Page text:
BACKGROUND AND AIMS
Fireplaces and wood log stoves that burn wood in a suboptimal manner are an important source of particle emissions in Europe. By phasing out polluting woodstoves and introducing better stoves, improving stove installations and educating stove users, large emission reductions can be achieved.
Experts from IEA Bioenergy task 32
(Biomass Combustion and Cofiring), in collaboration with various
national and European branche organisations have jointly organized an
expert workshop on ways to introduce efficient and clean wood log
stoves. This workshop was held on Thu 29 Oct in Berlin. All
presentations can be downloaded below.
RESULTS OF THE WORKSHOP
The workshop provided insight into the effectiveness of various technical measures that can help to further improve efficiency and emissions of typical woodstoves sold in Europe today. Wood stoves continue to be sold on the European market and provide significantly to renewable energy use, however, in case obsolete technologies are applied or the stove is not properly operated, there may be significant adverse effects on public health.
Good combustion starts with a properly designed combustion chamber. CFD aided design tools are being developed to translate the improved fundamental understanding of the combustion process into better practical designs. The application of such tools however is relatively costly and it is doubtful whether smaller stove producers can afford this at the moment. For new stoves it is advised to start with a proper furnace design, and then design an attractive casing around it (currently the design process often takes place the other way around).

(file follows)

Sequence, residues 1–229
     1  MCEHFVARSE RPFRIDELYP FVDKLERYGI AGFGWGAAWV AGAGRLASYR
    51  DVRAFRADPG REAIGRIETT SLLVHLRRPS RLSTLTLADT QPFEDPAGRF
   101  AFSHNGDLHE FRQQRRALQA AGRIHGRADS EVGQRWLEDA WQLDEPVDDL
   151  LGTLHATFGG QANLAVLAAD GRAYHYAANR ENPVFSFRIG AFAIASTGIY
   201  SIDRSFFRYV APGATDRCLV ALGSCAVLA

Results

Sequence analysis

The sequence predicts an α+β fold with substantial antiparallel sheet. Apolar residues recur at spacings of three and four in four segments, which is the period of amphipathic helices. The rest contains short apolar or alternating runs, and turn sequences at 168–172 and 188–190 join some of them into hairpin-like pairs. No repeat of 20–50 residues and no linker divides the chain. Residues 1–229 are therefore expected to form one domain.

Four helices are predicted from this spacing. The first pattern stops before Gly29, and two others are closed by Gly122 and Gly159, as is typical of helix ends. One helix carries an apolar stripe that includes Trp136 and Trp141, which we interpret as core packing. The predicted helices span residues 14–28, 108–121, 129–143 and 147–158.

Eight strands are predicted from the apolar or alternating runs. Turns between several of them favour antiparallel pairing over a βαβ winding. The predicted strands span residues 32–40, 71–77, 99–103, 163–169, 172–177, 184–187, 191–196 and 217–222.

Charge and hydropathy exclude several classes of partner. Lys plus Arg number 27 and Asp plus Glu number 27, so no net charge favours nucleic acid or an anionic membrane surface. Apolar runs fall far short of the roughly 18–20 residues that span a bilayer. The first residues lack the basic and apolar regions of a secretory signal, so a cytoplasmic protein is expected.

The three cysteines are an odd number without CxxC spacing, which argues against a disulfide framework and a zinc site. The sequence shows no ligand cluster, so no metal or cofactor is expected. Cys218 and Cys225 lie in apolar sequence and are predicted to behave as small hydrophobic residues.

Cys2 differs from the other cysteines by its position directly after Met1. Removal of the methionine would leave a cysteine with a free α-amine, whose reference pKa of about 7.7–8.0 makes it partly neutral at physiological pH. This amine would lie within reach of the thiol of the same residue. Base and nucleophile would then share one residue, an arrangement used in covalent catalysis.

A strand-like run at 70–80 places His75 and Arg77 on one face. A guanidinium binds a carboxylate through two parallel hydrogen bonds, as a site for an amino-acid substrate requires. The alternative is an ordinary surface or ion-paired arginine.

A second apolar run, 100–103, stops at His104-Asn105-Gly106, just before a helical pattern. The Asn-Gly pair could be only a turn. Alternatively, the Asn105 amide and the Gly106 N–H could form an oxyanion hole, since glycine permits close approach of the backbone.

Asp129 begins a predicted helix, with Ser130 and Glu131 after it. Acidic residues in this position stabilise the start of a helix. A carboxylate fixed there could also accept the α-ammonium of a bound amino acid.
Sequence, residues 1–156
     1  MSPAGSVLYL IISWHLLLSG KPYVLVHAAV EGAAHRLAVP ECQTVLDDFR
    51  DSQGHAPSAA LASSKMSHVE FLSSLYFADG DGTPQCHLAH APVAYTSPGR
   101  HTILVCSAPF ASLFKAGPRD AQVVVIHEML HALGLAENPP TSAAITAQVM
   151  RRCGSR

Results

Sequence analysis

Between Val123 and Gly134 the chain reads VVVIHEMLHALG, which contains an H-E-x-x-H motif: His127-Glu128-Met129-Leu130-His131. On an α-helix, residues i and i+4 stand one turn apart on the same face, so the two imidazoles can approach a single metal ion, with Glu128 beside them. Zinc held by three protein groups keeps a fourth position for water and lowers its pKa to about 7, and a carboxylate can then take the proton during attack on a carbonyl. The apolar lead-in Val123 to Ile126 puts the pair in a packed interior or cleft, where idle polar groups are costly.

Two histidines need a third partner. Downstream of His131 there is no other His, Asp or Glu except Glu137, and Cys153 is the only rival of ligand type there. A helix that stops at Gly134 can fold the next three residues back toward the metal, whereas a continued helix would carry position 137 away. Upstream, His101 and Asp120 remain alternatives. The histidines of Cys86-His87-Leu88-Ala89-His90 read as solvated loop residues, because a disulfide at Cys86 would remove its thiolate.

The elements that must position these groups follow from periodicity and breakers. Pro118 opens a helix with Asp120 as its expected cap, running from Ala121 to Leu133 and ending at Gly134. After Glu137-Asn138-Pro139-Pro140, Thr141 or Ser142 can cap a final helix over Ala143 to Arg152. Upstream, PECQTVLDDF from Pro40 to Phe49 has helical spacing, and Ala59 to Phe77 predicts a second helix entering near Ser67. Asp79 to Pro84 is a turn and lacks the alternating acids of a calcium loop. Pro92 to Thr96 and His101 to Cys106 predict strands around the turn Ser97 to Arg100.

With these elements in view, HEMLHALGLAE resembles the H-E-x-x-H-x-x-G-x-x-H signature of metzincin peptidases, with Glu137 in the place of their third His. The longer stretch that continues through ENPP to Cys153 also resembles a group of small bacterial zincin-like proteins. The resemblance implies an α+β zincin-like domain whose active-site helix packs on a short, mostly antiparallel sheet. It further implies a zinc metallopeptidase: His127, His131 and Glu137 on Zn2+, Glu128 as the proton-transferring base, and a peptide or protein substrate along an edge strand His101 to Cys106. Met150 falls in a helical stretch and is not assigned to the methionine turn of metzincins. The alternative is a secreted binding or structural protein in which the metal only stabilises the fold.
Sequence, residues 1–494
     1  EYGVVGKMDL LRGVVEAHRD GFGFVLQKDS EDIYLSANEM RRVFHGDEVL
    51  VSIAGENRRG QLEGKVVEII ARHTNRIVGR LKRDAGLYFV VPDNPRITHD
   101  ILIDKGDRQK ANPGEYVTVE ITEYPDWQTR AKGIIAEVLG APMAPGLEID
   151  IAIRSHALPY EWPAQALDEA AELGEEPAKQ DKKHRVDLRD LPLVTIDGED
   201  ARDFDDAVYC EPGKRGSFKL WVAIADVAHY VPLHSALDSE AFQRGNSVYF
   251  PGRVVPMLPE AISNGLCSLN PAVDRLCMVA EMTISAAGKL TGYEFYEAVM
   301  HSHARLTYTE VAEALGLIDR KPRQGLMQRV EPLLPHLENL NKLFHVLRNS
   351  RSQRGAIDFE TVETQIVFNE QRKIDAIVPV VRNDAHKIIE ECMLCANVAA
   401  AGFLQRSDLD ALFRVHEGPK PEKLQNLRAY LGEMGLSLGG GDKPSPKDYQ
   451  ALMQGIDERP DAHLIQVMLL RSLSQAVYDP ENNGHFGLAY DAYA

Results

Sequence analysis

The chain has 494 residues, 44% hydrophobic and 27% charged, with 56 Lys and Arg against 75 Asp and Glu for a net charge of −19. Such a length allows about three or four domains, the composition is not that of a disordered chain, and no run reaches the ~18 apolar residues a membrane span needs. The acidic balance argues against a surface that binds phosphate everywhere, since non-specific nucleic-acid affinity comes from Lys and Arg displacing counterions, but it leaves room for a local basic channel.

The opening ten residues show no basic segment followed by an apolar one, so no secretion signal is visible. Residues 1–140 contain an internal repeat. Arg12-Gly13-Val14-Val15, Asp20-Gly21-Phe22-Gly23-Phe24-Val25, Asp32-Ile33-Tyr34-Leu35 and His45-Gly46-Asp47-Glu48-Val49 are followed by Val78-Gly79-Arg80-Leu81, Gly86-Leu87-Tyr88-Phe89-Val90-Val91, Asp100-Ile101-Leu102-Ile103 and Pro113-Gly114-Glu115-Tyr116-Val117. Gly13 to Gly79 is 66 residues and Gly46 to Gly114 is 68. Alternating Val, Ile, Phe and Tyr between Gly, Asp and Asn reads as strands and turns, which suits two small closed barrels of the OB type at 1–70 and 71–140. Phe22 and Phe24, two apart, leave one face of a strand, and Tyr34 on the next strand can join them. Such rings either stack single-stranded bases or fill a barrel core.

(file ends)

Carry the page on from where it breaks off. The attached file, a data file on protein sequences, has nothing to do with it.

Very positive results have been achieved with stoves equipped with automatic combustion control, to optimise the combustion parameters through the various phases of the combustion process. For the validation of such improvements also new test procedures are required, which better reflect real life operational behavior, such methods are currently being developed.
Positive results have also been achieved for the application of catalysts in stoves, in Germany, stove catalysts are now commercialised. The effect of foam ceramic elements without catalyst, aimed at extending the reaction time and thereby reducing the emission of particles, seems only marginal.
Other major influencing factors on emissions are
the use of wood with suitable moisture content, proper user behaviour
and an adequate installation and integration of the stove into the
building. These factors can be addressed by user trainings organized by
stove suppliers and by quality certification schemes for installers.